Home Buying in 80206>Question Details

Jj, Home Buyer in 80206

signed a transaction broker contract in October for a specific property. Subsequently signed with a buyer broker for different properties. Problem??

Asked by Jj, 80206 Tue Jan 17, 2012

Now I want to go back to the original property..... Who gets the commission......Am I responsible to both?

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My only problem here is that, in Colorado, there is no such thing as a "Transaction Broker" contract. That being said, the agent you first saw the first home with could have a claim for the commission on the sale, as the "Procuring Cause" for the sale.

If you signed a specific "Buyer Agency Agreement" with a different agent for specific properties, you need to review what the specifics of this agreement entail. Again, we don't know what this contract states, so it would be tough to help advise you here.

If I were in your shoes, I would talk to both agents and be honest with them both. I would ask them both to see if there's a way to work things out so that you can achieve your goals of buying your next home. If one is willing to waive his/her claim on the commission, or if they're both willing to work out the commission between themselves, I would make sure you get the information in writing. Who knows, the agents might be best of friends, and might be happy to work it out.

Remember, Realtors have an ethical obligation to work in their clients' best interest. I wish you the best of luck with this!

Sean
1 vote Thank Flag Link Tue Jan 17, 2012
The short of it is if you are under a property specific agency agreement with one agent and you buy the property with a different agent both agents are due a commission.
1 vote Thank Flag Link Tue Jan 17, 2012
If the first agency relationship has expired and you are not purchasing a property that the previous agent showed you, you are fine. If you go back to the first property with a new agent and it is within your holdover period (see your buyer agency agreement with the first agent), you could owe the first agent commission.
1 vote Thank Flag Link Tue Jan 17, 2012
You only have three safe choices if you want to return to the original property: (1) Assuming that the buyer agency contract you signed is really limited only to other properties, you could probably go back to the first agent who you signed a transaction broker agreement (which as you know DO exist in Colorado) with and saw the property with. If you continue to work with this agent as a TB however, they are prohibited from representing your interests...which is a pretty stupid position to put yourself in. (2) If you'd rather work with the second agent...or a third...under a buyer agency agreement...you could negotiate with both as to how the commission might be split...but you need to get everyone to sign off in writing on that. (3) Pay an attorney for several hours of help to work your way through this. Honestly, that probably the only truly safe route for you. And if you take it, make sure they specialize in residential real estate...or you'll end up paying for them to learn the ropes.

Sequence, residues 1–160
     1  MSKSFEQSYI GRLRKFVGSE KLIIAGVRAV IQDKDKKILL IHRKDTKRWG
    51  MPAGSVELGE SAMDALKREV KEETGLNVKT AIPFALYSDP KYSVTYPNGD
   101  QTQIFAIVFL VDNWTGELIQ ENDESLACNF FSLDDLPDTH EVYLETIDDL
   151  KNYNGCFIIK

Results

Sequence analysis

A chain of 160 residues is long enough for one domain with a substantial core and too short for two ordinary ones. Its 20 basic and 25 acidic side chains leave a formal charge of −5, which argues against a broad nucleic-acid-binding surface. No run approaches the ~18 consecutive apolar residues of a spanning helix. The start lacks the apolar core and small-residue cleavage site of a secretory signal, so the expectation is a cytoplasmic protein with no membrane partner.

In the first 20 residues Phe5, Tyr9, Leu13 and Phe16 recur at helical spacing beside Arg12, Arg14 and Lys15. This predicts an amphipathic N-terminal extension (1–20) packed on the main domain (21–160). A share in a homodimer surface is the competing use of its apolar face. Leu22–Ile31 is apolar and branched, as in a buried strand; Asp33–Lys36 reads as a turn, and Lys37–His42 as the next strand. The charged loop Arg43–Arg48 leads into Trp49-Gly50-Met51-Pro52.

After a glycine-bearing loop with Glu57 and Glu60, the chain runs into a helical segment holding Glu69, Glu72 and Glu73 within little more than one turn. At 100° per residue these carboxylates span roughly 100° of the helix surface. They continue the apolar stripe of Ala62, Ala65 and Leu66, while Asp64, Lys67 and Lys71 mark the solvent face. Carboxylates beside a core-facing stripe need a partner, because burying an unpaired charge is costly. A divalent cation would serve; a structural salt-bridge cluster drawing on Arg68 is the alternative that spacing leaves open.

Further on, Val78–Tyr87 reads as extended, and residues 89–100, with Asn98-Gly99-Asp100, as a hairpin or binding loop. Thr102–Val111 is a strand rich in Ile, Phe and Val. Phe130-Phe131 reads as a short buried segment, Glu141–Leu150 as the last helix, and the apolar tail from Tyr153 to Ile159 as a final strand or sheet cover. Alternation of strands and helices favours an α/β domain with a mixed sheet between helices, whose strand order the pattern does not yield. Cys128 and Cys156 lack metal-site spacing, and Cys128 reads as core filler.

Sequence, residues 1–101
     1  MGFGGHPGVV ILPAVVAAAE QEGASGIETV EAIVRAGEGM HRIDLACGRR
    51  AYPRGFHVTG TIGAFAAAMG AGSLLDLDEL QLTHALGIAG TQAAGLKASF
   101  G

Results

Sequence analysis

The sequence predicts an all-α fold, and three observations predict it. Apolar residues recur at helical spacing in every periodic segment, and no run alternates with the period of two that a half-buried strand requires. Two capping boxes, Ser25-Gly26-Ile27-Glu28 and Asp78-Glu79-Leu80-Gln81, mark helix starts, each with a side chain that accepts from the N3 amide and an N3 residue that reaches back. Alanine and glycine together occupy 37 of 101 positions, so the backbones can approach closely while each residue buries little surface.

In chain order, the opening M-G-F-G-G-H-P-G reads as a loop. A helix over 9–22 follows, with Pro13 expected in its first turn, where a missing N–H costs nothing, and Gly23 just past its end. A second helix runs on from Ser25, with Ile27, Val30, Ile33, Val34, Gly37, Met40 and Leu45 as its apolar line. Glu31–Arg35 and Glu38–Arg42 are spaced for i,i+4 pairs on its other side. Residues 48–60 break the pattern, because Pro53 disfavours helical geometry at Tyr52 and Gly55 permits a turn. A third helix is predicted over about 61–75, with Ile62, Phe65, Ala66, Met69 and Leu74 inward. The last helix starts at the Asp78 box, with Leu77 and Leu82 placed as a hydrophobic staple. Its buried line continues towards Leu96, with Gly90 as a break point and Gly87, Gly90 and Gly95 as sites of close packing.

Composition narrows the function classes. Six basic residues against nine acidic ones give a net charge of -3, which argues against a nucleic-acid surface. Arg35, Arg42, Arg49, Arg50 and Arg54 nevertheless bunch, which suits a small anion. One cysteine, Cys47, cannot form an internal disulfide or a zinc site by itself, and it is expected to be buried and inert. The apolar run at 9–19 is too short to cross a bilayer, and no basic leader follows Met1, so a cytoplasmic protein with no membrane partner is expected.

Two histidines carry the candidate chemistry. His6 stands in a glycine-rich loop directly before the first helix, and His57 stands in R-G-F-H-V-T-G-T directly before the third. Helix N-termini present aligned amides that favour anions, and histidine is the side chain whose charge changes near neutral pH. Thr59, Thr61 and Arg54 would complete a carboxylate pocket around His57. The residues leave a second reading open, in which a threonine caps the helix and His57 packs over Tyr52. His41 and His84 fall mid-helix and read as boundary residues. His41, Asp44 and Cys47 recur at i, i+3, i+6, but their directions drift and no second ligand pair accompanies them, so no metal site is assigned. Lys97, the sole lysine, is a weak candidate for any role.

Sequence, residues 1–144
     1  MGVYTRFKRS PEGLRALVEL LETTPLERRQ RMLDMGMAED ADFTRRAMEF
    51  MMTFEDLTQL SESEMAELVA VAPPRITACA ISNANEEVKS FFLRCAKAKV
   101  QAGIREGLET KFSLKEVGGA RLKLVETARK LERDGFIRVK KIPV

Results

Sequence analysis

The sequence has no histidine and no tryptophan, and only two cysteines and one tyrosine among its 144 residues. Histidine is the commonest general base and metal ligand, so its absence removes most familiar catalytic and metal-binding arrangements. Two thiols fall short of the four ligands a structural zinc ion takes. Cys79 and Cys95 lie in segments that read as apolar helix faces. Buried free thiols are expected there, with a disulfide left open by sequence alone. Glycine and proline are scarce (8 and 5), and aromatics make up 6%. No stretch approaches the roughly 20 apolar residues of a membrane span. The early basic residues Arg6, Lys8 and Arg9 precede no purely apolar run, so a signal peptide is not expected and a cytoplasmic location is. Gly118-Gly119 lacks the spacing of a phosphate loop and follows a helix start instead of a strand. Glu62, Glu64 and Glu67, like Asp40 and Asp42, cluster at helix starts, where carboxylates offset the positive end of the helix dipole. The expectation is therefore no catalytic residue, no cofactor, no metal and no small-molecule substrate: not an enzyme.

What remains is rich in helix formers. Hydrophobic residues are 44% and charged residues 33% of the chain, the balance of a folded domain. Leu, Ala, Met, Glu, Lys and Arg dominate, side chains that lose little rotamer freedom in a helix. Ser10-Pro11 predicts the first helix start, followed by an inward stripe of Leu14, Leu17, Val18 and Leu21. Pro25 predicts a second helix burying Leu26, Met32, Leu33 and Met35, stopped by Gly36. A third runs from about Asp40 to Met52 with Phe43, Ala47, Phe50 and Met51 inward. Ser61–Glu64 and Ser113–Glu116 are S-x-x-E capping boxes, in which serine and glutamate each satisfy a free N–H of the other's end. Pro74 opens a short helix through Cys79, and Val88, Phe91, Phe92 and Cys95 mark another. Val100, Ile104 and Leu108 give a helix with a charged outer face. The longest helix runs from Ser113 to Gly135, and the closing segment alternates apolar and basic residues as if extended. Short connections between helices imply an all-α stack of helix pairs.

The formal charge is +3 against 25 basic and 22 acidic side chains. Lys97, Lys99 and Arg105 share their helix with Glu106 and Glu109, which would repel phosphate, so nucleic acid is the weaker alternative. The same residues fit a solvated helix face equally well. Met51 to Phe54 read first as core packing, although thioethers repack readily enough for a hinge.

0 votes Thank Flag Link Wed Jan 18, 2012
Jj,

Since you signed a 'Transaction Broker' contract for a specific property it would normally be no problem depending on the precise language and provisions of the contract. There may be a problem with you going back to the original property now with a different agent. This may be addressed in the contract. The other issue is the expiration date of the contract and what additional provisions may have been made for this particular property if you did go back to it. I would suggest you have a sit down with a real estate attorney to make sure that you are clear on what to expect. This is another good example of many good reasons why a buyer needs a to have a solid Buyer Broker Agreement with one agent teamed up with you and looking out for your best interests. I hope it all works out.

Robert McGuire ASR
Realtor/Consultant
Your Castle Real Estate
1776 S. Jackson St. #412
Denver CO 80210
Direct – 303-669-1246
0 votes Thank Flag Link Tue Jan 17, 2012
You need to read and understand both contracts you signed. There may be language specific and without having that knowledge none of us her can advise you correctly.

You have an agency formed, use that agency and broker to assist you with the documents you signed.

All the best to you.
Web Reference: http://www.terrivellios.com
0 votes Thank Flag Link Tue Jan 17, 2012
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